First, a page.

We need someone to volunteer to work with Sally Gaines to arrange for refreshments for Audubon general meetings. The job involves recruiting members and friends to bring goodies to the meeting. We will take care of tea, coffee, and juice. Since December and June meetings are dinner potlucks and Dorothy Burnstrom has adopted February so she can bake Valentine cookies, the cookies team would be responsible for September, October, November, January, March, April and May only seven meetings. Since Sally lives in Mammoth Lakes, she will not be able to come down the hill for meetings during storm periods and needs back up. If you can help, call Joan Benner @ 938-2929.

The sixth annual San Diego Bird Festival will be held February 7-10, 2002. There will be trips and tours, on land and on the sea, including overnight bird-watching outings to Northern Baja California. For more information, contact Nature Festivals of Sand Diego, P.O. Box 120426, Chula Vista, CA 91912, phone (619) 429-5378. Their website:



Saturday, November 3rd Highway Clean-up. Meet at Toms Place at 8:00AM for breakfast; clean-up starts at 9:00AM. Call John or Ros at 938-2023 for more info.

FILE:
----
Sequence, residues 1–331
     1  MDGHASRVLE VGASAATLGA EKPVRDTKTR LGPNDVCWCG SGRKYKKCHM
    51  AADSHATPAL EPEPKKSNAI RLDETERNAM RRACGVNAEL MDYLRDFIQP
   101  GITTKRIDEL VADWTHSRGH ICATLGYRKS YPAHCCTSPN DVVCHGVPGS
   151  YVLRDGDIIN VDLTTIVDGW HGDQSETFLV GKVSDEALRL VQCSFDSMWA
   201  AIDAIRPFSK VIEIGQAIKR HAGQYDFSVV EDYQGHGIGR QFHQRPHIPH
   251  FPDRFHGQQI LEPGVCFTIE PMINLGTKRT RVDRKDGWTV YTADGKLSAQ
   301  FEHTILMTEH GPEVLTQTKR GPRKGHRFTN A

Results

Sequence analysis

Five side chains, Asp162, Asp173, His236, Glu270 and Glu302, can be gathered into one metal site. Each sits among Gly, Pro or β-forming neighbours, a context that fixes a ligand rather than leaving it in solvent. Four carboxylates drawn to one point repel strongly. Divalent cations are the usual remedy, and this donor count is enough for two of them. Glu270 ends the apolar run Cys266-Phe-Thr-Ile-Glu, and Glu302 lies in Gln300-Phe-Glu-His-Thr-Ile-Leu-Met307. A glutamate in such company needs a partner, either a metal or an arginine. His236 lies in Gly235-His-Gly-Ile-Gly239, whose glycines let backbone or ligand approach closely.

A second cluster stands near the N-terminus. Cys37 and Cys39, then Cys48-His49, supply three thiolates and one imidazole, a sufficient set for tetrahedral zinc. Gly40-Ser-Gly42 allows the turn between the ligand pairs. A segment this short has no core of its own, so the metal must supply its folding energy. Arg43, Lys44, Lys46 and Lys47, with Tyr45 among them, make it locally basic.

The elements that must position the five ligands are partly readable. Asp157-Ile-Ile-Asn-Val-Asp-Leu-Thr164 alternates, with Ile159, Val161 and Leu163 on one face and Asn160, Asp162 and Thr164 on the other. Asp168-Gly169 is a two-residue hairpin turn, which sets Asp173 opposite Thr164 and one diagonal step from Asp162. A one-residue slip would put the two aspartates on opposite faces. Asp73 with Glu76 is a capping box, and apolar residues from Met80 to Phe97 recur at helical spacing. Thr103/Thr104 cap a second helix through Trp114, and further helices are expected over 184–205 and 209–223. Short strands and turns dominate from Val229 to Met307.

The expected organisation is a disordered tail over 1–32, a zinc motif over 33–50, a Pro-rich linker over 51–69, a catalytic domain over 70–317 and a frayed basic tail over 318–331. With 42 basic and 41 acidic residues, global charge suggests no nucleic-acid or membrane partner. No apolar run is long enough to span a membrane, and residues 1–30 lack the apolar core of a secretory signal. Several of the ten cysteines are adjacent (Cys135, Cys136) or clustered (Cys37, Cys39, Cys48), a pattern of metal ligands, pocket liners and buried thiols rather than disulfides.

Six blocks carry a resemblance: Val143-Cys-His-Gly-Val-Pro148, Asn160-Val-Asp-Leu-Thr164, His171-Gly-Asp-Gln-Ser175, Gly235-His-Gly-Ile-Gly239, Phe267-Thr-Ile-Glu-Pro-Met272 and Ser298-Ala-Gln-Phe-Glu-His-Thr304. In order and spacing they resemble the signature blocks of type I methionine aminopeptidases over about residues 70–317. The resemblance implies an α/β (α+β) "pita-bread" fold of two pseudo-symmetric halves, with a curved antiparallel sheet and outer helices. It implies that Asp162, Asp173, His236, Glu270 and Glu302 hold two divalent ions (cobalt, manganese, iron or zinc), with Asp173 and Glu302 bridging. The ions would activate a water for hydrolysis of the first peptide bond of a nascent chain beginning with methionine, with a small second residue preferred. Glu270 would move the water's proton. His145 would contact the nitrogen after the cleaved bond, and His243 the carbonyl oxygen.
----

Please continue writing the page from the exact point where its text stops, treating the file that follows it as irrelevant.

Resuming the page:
Saturday, December 1st Crowley Reservoir Winter Birding This is a great chance to see Bald Eagles, geese, and wintering ducks. Meet behind the Wye Shell gas station at 9:00AM to carpool. Bring binoculars, scopes, water, lunch, and wear clothes for COLD weather. Leader: Jon Dunn. Call Chris for more information at 873-7422.

Saturday, December 15th Bishop Christmas Bird Count Come see the wintering birds of the Bishop area. Last year we tallied 100 species. All levels of birdwatchers are invited to participate. Contact Chris at 873-7422 if interested in participating. There will be an organizational meeting held at Chris place on Thursday, December 13 at 6:30PM.

Sunday, December 16th Lone Pine Christmas Bird Count Mike Prather has a great count in the southern Owens Valley. Call Mike at 876-5807 for more information.

Ed. Note: A CBC for Walker Lake has been tentatively scheduled for Dec. 28; however, the Army Ammunition Storage Depot which controls 2/3 of the lake has closed their area to visitors, so it is uncertain if a CBC will be possible there. Perhaps information will be available at our December meeting. Thanks to Carolyn Gann for this news.

Friday, January 4th Death Valley Christmas Bird Count You cant beat a balmy day of birding in Death Valley when its wintry in the eastern Sierra. Call Mike Prather at 876-5807 to help out.

Saturday, January 12th Hawks, Hawks, and more Hawks Join Earl Gann and his traditional driving tour to see the hawks, falcons, and eagles on the way to Benton. Besides birds of prey, this is also a great trip to see flocks of hundreds of Horned Larks and Mountain Bluebirds. Meet at 9:00AM behind the Wye Shell gas station in Bishop to carpool. Should last until mid-afternoon. Bring binoculars, water, lunch, and dress for the elements. Call Chris at 873-7422 with questions.